1-in-4 Floridians say they won’t evacuate during hurricane, poll finds
With the hurricane season now underway, the American Automobile Association (AAA) is warning that many residents living in potential hurricane impact zones are not adequately prepared for a disaster. A survey conducted by the AAA found that only around half of residents in Georgia and North Carolina take advanced preparations for tropical cyclones or severe weather. However, the results from Florida and South Carolina were more promising, with over three-quarters of residents taking steps to prepare. The survey also found that more than half of participants would ignore warnings to evacuate their homes in the event of a hurricane, and around 24% of Floridians would ignore warnings regardless of how severe the storm was. A public relations manager for the AAA, Mark Jenkins, stressed the importance of having an evacuation plan before disaster strikes.
In recent years, emergency managers have emphasized the importance of residents knowing their evacuation zone. However, not all residents know when it is time to leave, despite public service announcements and easy-to-use online maps. The last time parts of the Southeast faced major evacuation orders was during Hurricane Ian in 2022. The tropical cyclone season runs through November 30, and due to an impending El Niño, tropical weather experts warn there are more uncertainties than average with seasonal predictions. The Colorado State University released an updated outlook on the season, calling for as many as 15 named storms and 17 hurricanes with wind speeds of at least 74 mph.
Q: What is the AAA?
A: The American Automobile Association is a federation of motor clubs across North America.
Q: What did the AAA survey find?
A: The survey found that around half of residents in Georgia and North Carolina take advanced preparations for tropical cyclones or severe weather, whereas over three-quarters take steps to prepare in Florida and South Carolina.
Q: Would more than half of participants ignore evacuation warnings in the event of a hurricane?
A: Yes, according to the AAA survey, more than half of the participants said they would ignore warnings to evacuate in the event of a hurricane.
Q: What reasons were cited for ignoring evacuation orders?
A: Reasons cited for ignoring evacuation orders included concerns over pet shelters, errors in the forecast track, not knowing where to go, fear of looting after the storm, and finances.
Q: When does the hurricane season end?
A: The tropical cyclone season runs through November 30.
Q: What is the Colorado State University outlook for the season?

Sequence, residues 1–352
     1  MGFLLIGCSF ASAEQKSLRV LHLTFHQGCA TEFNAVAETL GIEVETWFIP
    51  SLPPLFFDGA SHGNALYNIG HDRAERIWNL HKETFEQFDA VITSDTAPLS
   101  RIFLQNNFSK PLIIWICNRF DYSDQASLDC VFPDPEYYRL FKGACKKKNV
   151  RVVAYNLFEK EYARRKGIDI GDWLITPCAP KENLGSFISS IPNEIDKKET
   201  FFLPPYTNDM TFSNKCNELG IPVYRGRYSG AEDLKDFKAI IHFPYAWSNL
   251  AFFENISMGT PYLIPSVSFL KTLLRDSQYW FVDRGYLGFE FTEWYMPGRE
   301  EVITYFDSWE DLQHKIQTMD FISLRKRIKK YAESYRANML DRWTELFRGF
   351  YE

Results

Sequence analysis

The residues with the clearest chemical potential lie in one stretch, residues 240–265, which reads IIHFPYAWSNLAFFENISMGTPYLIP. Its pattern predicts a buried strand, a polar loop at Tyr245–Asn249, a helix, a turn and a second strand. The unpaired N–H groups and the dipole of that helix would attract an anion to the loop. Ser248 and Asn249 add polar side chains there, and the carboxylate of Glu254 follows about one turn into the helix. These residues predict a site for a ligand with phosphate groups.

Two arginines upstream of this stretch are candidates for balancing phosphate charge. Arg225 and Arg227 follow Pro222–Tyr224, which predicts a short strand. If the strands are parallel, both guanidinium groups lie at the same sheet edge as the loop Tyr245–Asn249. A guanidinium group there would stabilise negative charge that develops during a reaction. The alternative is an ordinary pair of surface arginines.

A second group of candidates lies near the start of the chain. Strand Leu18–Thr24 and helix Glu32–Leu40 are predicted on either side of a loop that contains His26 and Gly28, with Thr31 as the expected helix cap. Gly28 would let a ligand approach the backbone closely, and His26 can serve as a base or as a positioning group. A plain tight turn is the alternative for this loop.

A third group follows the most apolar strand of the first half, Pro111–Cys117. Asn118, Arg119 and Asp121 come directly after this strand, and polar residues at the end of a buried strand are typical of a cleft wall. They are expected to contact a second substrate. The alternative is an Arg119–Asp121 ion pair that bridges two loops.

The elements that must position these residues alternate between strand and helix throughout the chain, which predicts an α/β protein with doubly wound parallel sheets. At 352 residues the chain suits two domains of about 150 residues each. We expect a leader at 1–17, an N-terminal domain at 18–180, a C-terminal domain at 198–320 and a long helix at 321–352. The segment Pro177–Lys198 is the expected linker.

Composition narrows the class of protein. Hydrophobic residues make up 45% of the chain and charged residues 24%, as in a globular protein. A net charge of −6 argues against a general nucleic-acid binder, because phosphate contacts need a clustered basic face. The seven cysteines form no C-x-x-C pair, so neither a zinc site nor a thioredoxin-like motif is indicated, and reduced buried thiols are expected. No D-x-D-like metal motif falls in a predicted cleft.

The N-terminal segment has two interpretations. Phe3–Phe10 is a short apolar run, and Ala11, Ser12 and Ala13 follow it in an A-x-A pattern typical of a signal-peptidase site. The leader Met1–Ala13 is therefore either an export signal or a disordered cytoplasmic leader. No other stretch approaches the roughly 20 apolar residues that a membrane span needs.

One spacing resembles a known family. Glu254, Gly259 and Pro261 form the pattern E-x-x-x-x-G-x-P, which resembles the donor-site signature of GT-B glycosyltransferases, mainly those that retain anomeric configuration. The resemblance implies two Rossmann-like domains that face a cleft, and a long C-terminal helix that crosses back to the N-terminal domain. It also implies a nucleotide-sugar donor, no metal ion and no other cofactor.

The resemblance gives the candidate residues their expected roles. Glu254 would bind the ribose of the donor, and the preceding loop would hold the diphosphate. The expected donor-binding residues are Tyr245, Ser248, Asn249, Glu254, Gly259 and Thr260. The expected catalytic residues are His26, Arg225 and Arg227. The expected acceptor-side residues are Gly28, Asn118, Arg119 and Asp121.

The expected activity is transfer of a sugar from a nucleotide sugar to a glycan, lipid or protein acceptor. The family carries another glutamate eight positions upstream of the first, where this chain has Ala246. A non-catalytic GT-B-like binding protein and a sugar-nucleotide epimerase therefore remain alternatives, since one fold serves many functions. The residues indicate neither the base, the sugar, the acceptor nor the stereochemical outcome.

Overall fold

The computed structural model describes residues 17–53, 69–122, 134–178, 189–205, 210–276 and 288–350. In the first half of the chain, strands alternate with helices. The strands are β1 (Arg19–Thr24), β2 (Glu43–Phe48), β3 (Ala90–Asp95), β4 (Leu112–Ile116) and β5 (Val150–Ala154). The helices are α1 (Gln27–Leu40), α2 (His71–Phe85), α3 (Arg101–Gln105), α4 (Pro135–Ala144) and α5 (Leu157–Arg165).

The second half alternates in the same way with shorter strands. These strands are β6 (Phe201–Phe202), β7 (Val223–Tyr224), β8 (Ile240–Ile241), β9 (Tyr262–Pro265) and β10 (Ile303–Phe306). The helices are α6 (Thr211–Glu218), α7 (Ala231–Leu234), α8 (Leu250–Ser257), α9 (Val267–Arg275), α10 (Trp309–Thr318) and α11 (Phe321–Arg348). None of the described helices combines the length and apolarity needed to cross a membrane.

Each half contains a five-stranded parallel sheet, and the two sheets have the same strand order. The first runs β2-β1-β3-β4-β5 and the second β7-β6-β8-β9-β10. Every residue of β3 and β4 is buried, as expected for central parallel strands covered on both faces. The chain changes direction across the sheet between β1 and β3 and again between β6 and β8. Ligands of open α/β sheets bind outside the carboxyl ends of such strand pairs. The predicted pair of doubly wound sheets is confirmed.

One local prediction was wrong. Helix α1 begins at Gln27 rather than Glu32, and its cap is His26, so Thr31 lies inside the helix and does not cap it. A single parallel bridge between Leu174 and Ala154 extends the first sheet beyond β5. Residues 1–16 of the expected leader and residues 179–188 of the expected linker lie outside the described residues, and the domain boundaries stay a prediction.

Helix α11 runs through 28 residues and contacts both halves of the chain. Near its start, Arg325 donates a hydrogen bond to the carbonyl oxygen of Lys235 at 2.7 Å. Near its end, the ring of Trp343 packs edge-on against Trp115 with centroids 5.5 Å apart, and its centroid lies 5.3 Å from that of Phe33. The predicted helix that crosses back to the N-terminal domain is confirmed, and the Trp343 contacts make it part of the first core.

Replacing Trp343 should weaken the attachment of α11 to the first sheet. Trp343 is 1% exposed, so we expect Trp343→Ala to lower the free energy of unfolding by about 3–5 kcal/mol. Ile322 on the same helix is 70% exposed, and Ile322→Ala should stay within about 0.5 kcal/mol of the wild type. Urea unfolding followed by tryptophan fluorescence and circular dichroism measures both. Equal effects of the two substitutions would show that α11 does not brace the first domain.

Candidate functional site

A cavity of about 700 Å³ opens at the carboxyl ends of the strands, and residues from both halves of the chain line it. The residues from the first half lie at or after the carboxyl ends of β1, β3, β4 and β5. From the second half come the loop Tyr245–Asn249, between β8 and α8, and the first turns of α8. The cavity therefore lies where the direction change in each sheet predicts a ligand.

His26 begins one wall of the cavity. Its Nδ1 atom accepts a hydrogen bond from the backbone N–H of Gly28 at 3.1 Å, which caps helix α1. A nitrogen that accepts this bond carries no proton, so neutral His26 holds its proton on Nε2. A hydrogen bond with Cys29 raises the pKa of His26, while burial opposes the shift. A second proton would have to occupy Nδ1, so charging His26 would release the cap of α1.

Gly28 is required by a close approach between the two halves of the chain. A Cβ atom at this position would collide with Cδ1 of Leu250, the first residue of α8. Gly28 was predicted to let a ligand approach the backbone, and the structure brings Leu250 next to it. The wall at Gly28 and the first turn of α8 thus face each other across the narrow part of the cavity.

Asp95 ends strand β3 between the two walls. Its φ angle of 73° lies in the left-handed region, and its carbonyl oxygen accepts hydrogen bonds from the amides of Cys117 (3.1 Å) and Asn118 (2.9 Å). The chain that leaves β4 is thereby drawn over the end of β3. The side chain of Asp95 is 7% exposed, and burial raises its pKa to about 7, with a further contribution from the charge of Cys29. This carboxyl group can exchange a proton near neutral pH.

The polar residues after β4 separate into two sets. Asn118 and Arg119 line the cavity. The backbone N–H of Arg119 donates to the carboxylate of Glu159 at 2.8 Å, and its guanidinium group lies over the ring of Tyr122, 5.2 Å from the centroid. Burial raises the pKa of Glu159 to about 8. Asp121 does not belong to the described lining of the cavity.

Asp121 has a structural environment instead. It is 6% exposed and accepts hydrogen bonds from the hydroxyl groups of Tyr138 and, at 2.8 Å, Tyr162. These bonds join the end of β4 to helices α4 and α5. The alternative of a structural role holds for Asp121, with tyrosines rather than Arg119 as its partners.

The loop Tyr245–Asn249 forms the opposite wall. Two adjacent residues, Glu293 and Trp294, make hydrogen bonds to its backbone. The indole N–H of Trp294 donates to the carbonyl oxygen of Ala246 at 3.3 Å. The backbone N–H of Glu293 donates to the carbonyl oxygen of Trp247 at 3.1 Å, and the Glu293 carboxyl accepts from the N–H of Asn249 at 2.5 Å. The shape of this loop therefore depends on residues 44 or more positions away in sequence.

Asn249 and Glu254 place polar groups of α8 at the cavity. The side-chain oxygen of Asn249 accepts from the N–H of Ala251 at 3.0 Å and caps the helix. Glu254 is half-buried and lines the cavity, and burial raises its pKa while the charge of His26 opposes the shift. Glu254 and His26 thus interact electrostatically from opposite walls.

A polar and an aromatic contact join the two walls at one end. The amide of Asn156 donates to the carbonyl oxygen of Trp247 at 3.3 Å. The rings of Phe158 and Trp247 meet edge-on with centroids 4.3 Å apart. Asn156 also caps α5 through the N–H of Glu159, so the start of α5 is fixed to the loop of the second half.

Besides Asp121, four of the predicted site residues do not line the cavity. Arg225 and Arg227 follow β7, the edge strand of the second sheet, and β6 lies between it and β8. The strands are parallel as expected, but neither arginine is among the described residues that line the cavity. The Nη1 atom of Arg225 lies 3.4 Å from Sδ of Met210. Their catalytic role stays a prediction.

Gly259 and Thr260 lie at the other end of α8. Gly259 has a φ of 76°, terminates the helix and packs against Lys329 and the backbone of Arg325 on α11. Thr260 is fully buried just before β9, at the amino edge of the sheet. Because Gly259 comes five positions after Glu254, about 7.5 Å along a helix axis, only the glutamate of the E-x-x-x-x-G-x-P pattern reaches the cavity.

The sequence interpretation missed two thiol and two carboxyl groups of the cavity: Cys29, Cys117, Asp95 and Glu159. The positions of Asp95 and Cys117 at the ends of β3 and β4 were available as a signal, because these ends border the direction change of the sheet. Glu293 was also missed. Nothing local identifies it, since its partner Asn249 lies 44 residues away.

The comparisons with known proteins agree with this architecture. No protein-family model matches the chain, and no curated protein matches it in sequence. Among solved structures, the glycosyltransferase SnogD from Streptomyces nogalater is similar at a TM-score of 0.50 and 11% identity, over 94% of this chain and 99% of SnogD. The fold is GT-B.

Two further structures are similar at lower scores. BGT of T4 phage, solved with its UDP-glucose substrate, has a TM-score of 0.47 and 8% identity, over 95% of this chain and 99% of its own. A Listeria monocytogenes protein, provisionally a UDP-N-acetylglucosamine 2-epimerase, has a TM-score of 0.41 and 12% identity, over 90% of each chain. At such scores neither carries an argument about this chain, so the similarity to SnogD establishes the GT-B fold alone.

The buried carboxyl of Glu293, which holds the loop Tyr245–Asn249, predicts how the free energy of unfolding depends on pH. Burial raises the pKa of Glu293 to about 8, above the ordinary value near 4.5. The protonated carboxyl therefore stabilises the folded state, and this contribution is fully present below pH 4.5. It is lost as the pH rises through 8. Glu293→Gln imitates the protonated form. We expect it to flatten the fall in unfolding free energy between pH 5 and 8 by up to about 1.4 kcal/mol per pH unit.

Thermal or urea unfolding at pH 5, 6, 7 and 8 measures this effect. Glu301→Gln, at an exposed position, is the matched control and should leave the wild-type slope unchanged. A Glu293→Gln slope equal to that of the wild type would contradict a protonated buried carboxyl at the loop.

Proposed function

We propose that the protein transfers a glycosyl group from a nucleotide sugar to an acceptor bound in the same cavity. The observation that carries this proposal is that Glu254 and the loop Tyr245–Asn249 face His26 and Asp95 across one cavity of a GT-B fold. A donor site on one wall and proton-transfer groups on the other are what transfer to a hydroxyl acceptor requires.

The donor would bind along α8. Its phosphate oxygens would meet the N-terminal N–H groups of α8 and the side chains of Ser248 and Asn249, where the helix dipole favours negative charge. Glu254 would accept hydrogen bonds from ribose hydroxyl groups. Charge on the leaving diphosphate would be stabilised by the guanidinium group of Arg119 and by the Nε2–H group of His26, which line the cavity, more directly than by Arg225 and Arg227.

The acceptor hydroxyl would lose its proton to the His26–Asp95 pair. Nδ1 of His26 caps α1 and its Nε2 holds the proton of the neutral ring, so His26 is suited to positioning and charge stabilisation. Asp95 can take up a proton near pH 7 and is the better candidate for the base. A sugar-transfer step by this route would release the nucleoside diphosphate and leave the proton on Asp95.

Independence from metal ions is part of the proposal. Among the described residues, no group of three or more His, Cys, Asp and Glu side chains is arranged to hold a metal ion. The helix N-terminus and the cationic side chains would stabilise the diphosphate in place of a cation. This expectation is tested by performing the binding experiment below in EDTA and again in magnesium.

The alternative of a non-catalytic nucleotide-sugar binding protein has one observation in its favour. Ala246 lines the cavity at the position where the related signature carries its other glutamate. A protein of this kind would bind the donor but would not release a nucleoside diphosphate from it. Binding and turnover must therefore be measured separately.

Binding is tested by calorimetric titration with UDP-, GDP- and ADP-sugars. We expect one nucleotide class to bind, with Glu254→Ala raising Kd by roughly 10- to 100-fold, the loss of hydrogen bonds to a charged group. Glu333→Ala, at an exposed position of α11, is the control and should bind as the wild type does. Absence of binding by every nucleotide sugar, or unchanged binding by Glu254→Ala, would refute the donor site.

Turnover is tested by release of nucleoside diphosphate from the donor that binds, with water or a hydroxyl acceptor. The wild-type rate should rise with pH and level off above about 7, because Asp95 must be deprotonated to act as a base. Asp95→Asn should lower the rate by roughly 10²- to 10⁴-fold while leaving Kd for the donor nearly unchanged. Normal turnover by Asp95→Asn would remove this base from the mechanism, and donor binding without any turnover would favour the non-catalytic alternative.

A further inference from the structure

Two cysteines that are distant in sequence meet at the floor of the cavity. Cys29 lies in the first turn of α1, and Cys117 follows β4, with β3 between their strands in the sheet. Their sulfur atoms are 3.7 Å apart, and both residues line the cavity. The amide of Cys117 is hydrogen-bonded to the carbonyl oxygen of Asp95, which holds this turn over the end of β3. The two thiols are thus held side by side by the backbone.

A: The university called for as many as 15 named storms and 17 hurricanes with wind speeds of at least 74 mph.
Poll finds 25% of Floridians unwilling to evacuate during hurricane
The American Automobile Association (AAA) is alerting residents in hurricane-prone areas about the dangers of not being prepared for disasters as the Atlantic hurricane season begins. According to a recent AAA survey, only half of the polled residents in Georgia and North Carolina make advanced preparations for tropical cyclones or severe weather. The situation in Florida and South Carolina is more encouraging, with more than three-fourths of the population taking preparedness steps before a storm. However, the association is worried about participants who said they would disregard evacuation warnings in the event of a hurricane. Over half of those polled said they would only leave their homes if an approaching hurricane was a Category 3 or stronger, while 24% of Floridians suggested they would ignore warnings to leave altogether, irrespective of the hurricane’s intensity. Last year, coastal residents cited gas prices and pandemic concerns for not leaving, while this year, Floridians said wanting to stay close to their property was a priority. Emergency managers have stressed the importance of residents knowing their evacuation zone, but even with public service announcements, easy-to-use online maps and other outreach campaigns, not all who live in a threat zone know when they should leave. As for the 2022 season, the first two days marked the formation and strengthening of Tropical Depression Two into Tropical Storm Arlene. While it formed well off the coast in the Gulf of Mexico and did not trigger any evacuations in the US, the tropical cyclone season runs through Nov. 30, and experts warn of uncertainties with seasonal predictions due to an impending El Niño. Colorado State University released an updated outlook that called for as many as 15 named storms, 17 of which could become hurricanes with winds of at least 74 mph.